Submissions Now Closed
2020 Child and Adolescent Mental Health Conference Program

If you’re thinking of showcasing work, research or personal insight in areas of child and adolescent mental health, submit an abstract for your chance to be featured in the 2020 conference program.

This is your opportunity to stand alongside fellow mental health experts to discuss the latest research findings, trends, challenges and successes.

All selected presenters will be offered an exclusive speakers registration rate.


1. Choose your Presentation

Oral presentations are of 20 minutes duration (15-minute presentation time and 5-minute discussion time)

Presentation Tips

Practice your time – remember when you are overtime you are impacting further presentations during the session
Keep to your topic/project and focus on your 3 key learning outcomes
Structure the talk – e.g. include background, research question, methods, results, discussion/conclusions and limitations/future
research slides
Think about your audience – they will not be experts in your favourite multivariable methods, but at the same time they will not be ignorant about common basic issues
Respond to questions thoughtfully rather than defensively or dismissively

3+ Industry Professionals

The time that has been allocated to your panel presentation will be a total of 1 hour and 30 minutes. You need to allow 1 hour for your presentation and 30 minutes for questions and answers between panel members and delegates. This can be broken down into a brief introduction of each panel member followed by questions from the moderator or individual presentations that link together with questions and answers.

90 Minutes of Active Learning

Workshops are an interactive way to facilitate active learning, such as discussion, activities, small group role plays. The format should focus on offering participants an interactive information session.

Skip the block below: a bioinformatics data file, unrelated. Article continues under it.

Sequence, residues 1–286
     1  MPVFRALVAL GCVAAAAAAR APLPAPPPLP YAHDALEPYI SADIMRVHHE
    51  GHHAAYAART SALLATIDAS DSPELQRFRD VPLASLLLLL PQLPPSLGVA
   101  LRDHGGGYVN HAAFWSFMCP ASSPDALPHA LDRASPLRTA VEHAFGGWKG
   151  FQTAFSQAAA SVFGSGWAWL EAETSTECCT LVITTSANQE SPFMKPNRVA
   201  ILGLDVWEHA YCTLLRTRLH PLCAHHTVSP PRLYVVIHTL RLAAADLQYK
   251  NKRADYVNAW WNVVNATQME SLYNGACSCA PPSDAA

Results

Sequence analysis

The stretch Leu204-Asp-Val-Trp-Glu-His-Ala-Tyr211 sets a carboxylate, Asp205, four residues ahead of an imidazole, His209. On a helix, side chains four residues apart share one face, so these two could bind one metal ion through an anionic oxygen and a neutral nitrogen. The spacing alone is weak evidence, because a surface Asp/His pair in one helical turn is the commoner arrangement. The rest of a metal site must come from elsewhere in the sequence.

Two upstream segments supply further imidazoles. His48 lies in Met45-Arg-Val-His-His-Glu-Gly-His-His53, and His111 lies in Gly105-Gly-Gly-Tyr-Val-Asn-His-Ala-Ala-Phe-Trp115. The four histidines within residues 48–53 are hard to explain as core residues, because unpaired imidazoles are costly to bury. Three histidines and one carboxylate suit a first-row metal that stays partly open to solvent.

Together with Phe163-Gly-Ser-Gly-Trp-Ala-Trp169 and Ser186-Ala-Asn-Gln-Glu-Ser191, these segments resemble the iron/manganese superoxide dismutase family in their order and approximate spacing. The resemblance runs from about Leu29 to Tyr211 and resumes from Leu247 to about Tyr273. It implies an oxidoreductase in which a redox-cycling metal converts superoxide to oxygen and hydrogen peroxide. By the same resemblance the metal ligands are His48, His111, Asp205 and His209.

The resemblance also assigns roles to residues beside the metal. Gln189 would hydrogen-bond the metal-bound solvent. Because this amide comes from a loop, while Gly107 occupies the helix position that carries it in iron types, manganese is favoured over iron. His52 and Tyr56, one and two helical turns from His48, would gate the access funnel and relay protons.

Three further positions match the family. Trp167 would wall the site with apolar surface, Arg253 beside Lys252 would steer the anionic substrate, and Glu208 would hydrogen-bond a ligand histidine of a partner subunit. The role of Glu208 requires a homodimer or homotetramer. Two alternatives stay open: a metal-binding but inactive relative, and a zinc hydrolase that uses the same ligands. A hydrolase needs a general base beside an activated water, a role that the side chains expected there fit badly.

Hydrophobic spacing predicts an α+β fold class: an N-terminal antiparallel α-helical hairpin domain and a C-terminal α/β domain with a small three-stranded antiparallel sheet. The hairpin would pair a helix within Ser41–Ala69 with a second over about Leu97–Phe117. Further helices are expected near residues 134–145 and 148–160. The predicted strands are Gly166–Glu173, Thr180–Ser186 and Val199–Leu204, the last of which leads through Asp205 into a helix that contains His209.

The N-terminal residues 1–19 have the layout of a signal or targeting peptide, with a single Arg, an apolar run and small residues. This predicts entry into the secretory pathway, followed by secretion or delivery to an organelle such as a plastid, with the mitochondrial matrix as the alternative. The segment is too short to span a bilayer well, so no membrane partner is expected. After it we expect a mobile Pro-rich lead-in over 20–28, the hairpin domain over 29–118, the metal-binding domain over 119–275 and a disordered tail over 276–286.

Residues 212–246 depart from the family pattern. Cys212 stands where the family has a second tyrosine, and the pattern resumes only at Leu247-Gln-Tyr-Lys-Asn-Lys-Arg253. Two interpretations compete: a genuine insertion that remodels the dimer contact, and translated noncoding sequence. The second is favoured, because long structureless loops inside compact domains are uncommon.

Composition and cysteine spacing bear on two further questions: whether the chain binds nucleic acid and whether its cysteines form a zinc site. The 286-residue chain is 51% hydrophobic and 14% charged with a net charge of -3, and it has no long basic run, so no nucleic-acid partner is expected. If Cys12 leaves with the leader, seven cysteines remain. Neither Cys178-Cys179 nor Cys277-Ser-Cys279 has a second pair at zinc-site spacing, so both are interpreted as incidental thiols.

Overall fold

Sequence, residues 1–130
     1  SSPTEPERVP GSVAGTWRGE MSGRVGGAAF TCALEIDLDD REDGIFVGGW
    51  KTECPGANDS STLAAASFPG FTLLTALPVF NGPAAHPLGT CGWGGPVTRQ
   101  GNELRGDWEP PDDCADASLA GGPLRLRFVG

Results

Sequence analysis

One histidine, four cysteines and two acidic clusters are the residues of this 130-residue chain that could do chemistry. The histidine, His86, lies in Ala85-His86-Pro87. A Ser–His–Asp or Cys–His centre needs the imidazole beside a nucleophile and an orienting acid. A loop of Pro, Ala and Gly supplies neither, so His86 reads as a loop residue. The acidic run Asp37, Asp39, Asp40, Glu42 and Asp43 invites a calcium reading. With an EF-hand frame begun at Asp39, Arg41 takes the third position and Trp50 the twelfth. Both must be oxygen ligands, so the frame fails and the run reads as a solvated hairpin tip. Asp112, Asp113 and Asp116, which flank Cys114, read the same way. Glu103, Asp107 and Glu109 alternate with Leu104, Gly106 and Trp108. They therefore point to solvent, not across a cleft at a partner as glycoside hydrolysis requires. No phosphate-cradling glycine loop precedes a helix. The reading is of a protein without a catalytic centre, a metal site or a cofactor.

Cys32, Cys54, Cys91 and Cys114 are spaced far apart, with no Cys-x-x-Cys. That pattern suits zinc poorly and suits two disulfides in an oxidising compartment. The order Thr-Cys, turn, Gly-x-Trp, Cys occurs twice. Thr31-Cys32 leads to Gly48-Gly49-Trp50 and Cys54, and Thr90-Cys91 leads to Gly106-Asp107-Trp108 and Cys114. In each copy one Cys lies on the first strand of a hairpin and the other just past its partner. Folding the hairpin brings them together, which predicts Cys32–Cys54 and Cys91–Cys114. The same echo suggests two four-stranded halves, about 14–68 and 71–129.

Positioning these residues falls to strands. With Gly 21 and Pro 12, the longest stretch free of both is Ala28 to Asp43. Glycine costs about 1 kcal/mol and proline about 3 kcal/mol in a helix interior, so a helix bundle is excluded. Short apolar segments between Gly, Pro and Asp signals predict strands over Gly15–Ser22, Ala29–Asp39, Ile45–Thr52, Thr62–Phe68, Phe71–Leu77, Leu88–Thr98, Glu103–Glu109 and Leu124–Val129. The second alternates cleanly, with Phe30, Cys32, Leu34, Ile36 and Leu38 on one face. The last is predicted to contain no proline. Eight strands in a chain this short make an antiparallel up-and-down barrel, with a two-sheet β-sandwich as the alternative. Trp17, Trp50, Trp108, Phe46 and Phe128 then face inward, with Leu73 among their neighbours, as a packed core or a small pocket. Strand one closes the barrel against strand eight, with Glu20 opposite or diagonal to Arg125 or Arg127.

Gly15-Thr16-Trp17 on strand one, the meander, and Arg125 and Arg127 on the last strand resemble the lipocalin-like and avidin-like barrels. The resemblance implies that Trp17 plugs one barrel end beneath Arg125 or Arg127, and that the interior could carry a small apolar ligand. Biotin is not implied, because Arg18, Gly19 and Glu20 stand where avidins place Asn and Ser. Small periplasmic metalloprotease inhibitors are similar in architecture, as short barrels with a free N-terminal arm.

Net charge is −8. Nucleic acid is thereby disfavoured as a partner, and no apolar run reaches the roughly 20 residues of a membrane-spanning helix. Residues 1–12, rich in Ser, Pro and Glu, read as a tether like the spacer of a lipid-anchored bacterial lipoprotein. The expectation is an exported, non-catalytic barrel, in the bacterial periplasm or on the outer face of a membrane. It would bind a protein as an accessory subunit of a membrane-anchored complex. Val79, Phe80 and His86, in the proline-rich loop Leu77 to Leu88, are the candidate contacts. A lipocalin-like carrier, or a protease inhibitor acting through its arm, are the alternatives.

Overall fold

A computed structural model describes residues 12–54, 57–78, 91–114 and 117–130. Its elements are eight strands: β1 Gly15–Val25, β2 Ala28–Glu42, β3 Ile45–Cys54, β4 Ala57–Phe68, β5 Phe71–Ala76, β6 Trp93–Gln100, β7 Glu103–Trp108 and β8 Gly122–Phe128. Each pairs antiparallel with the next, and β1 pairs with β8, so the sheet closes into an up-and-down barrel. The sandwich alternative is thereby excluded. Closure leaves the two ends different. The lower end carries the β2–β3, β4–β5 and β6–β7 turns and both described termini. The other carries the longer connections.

Interactive Sessions

Table tops act as a pathway for networking and sharing of information directly with delegates in an interactive setting. Table tops involve multiple presenters, with each presenter at a round table of up to 6 participants.

How it Works

The room will hold up to 6 tables each with a table number allocated. Each table will have seats for up to 6 delegates and 1 speaker. Each speaker will sit at a seat marked with a ‘reserved for table top speaker’ sign. There will be a maximum of 6 presenters in each session. The initial table you sit at is based on the number allocated by your name in the conference program. Each presentation has been allocated 15 minutes. It is up to you how you wish to divide your 15 minutes between presenting, adaptation or discussion.

Once your 15 minutes is up, music will start playing and you will need to move to the next table number then repeat your presentation. If you are located on table 6 you move to table 1 and continue. Presenters will present approximately 6 times during a session.

All posters should be a visual presentation of your submitted abstract.

Posters should meet the following criteria:

The poster must be PORTRAIT and must not exceed A0 size (preferred size)— 841 x 1189 mm (width x height)

  • All posters must have a title and include the author(s) name
  • It is suggested that heading font sizes does not exceed 60 point. General content font should be a maximum of 32 point
  • Headings such as “Introduction”, “Methods”, “Results” and “Conclusions” are useful